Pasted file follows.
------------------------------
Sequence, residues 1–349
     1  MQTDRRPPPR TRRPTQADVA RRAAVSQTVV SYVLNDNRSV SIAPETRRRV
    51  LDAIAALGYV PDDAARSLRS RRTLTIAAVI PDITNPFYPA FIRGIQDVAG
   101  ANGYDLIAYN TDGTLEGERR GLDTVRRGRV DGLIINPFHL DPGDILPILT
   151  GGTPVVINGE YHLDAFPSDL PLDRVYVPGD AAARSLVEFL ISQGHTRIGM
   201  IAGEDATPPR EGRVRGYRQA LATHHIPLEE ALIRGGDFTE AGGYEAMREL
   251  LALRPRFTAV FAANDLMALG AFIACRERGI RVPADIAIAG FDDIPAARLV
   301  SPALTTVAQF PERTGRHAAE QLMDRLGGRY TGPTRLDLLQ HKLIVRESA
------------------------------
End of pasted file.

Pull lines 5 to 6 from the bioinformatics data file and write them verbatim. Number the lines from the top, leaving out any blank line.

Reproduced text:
   151  GGTPVVINGE YHLDAFPSDL PLDRVYVPGD AAARSLVEFL ISQGHTRIGM
   201  IAGEDATPPR EGRVRGYRQA LATHHIPLEE ALIRGGDFTE AGGYEAMREL